By JOHN T. WARD
Ending a 47-year career in education that included stints teaching science and math, producing musicals at Red Bank Catholic High, creating a high-school substance abuse counseling program and more, Pennotti called her work in fostering diversity at the charter school the “shining moment” of her tenure.
Contrary to claims by “people who don’t understand what we’re trying to do,” she told redbankgreen Tuesday, “it is a very rich learning environment, and it reflects everyone who lives in Red Bank.”
The school’s board of trustees has launched a search for a new leader, which it hopes to conclude by the end of the school year, it said in a press release issued late Monday.
Pennotti, who began her teaching career in Bergen County in 1972, was hired as principal and superintendent by the charter school in 1999, one year after its creation as alternative to the borough school district. She succeeded founding superintendent and principal Robert Nogueira.
The charter school’s operation is independent of district oversight.
In the ensuing 20 years, the charter school faced strong challenges, twice when it went to renew its five-year charter with the New Jersey Department of Education and once when it sought permission to double its enrollment of 200 students.
A 2004 appellate court ruling ended a legal battle begun three years earlier by the district over a charter renewal and expansion plan. But a second expansion effort, launched in 2015, set off a pitched battle involving hundreds of parents at several contentious meetings.
Opponents claimed approval of the expansion would saddle the host district with crippling expenses, leading to reduced staffing and larger classroom populations. The plan was rejected by the DOE in February, 2016.
Along the way, the school was characterized by adversaries, including an ad hoc committee created by Mayor Pasquale Menna, as responsible for making Red Bank “home to the most segregated school district in the state of New Jersey, with deep disparity” in racial makeup, primary language skills and economic backgrounds, according to its report.
The charter school drew blame because its student mix by race and ethnicity doesn’t mirror that of the public school system to which it is attached.
At the time, according to district Superintendent Jared Rumage, 90 percent of the district’s 1,407 students were Hispanic or African-American, compared to 48 percent of the charter school’s students.
Charter school advocates maintained, however, that its student population more closely reflected the mix of Red Bank’s student-age population.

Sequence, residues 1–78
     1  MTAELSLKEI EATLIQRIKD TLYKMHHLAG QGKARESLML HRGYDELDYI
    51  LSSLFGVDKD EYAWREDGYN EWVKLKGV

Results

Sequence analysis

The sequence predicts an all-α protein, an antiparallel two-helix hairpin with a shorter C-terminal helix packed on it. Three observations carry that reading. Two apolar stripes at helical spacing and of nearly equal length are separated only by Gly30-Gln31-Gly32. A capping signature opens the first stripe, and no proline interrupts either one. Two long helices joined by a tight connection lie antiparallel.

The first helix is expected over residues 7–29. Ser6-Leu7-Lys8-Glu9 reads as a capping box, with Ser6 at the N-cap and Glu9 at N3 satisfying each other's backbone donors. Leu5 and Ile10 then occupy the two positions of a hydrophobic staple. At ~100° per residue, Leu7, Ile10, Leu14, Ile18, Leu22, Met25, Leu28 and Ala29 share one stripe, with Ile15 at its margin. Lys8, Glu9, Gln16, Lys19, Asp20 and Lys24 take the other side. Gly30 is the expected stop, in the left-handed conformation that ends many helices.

“The real question is why isn’t the Red Bank district more reflective of the school-age population of the borough?” Pennotti wrote in an op-ed piece in November, 2016.
In 2016, the school instituted a weighted enrollment lottery that favors children from economically disadvantaged families. But because preference is given to younger siblings of current students ahead of new enrollees, most lottery winners end up on a waiting list and change in the mix has been slow.
“What we want is to find the closest possible reflection of the population of Red Bank,” Pennotti said Tuesday.
The charter school’s enrollment is now 49 percent Hispanic, 42 percent white, 7 percent black and 2 percent Asian or other, she said..
Additional challenges were mounted when the school sought a five-year renewal of its operational charter, an application approved by the DOE in February, 2017.
Last April, the DOE upheld the renewal on appeal. In its decision, the DOE found that the school does not not engage in “segregative” enrollment practices, and instead is “is seeking, ‘to the maximum extent practicable,’ to enroll a cross-section of Red Bank Borough’s school-age population.”
Pennotti traced the conflicts in part to the state’s school funding system, which she said “is a disservice to local districts as well as the charter schools.”
Under Pennotti’s leadership, the charter school established a home for itself at the site of the onetime Oakland Street School, moving a Victorian house across town in the process. And in 2017, the school paid $1.725 million for a commercial building on Monmouth Street that adjoins its small campus, where it plans to create the school’s first-ever gym.
Patti Balderas, a member of the charter school board of trustees who has put one child through the school and has another still in it, praised Pennotti’s leadership.
“She’s one of the reasons the school is such a gem,” Balderas told redbankgreen. “She was instrumental in carrying out what the founders set out to do. She really created what they had in mind.”
In retirement, Pennotti said she plans to “distribute time differently,” traveling and attending more dance and theater productions than she’s been able to get to while working.
She also plans to work on a capital campaign to raise $1 million for the completion of the gym, she said.
Meantime, the next round of the lottery is scheduled for Saturday at 10 a.m.